The Crest Theatre to host Noir Nights Film Festival

Cresttheatrefilmnoirfestival Sactownmagazine
Image courtesy of the Crest Theatre
The Killing, starring Elisha Cook Jr. and Marie Windsor, is one of five crime dramas the Crest will show during its film noir festival Jan. 15 and 16.

Take a walk on the cinematic dark side during the Crest Theatre’s first two-day Noir Nights Film Festival on Jan. 15 and 16 dedicated to Hollywood’s bygone era of black-and-white crime dramas.

As a throwback to the ’40s and ’50s, the City of Trees Brass Band will kick off the opening evening with live jazz tunes in a speakeasy soirée hosted by Empress Tavern from 6 to 7 p.m. in the Crest Theatre’s Wide-Angle Lounge, during which the historic theater’s stylish underground restaurant will serve appetizers and their signature cocktails.

To gear up for the nightly festivities in true noir spirit, attendees are encouraged to don their best trench coat, fedora or black dress reminiscent of their favorite brooding detective or femme fatale.

“It’s amazing to see classic films in a beautiful space like the Crest where it’s really suited to watch old movies,” says projectionist Joel Goulet, who chose the films. “It’s kind of like you’re being transported back in time.”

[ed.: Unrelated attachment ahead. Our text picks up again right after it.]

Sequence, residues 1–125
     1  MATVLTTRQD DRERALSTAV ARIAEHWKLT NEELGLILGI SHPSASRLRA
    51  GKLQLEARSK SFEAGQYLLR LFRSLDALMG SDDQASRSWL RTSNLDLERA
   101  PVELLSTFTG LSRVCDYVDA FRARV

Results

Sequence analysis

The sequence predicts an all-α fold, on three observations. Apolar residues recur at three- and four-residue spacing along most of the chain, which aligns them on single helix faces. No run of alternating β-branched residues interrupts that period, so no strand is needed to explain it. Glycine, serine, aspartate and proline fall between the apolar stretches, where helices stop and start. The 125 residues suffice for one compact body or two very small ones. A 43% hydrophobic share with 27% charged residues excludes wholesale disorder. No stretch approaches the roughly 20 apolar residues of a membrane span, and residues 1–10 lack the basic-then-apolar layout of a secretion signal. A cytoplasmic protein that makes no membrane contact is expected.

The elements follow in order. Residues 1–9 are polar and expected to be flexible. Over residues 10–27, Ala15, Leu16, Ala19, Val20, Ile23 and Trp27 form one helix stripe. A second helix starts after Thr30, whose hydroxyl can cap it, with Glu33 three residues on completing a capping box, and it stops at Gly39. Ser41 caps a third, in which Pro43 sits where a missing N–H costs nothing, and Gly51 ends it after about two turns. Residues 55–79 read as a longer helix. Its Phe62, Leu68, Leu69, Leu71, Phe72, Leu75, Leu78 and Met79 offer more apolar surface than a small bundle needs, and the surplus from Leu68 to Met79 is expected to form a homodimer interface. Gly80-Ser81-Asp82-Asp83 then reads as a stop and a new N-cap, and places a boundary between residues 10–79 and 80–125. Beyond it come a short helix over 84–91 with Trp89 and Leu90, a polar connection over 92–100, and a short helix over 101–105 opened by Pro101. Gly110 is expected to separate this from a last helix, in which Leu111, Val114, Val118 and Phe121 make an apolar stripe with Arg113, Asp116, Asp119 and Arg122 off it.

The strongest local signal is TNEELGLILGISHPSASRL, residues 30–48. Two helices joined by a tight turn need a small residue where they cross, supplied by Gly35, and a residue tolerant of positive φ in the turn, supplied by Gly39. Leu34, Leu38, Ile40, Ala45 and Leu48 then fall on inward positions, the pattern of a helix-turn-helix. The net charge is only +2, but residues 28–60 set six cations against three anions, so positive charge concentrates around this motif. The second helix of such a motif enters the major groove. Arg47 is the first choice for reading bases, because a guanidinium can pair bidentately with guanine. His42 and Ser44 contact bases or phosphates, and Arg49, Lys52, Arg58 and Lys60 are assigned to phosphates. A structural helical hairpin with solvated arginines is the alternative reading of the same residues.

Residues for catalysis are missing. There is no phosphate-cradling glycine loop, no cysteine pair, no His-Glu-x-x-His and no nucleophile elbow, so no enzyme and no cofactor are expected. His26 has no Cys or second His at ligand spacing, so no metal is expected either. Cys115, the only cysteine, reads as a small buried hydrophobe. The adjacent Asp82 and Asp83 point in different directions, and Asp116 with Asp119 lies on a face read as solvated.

The first of two screenings on Jan. 15 at 7 p.m. is Orson Welles’ 1958 classic drama Touch of Evil, featuring Welles as a corrupt police chief who frames a young man for murder in a Mexican border town. It is followed at 9:15 p.m. by a 35-mm film presentation of 1945’s Mildred Pierce, starring Joan Crawford as the titular character who separates from her husband during the Great Depression and opens a restaurant to support her daughter (spoiler alert: murder plots abound).

The second night’s presentation begins at sundown on Jan. 16 at 5 p.m. with Stanley Kubrick’s 1956 thriller The Killing, which recalls a daring racetrack robbery scheme, followed by the 1947 drama Out of the Past starring Robert Mitchum featuring a love affair and a mysterious plot played out in dark cinematography. The festival concludes with 1945’s Leave Her to Heaven, which stars Gene Tierney as a socialite-turned-destructively-obsessive-wife and is the only film in color in the program.

Goulet and Crest’s general manager Yulya Borroum spent the last several months organizing and choosing the festival highlights in the hopes of reigniting the community’s excitement for classic films.

“One of the Crest’s goals is to embrace [the love of films] and share it with as many people as we can, and this seems like a perfect opportunity to do that,” Goulet says.

$10-35. 1013 K St. 476-3356.

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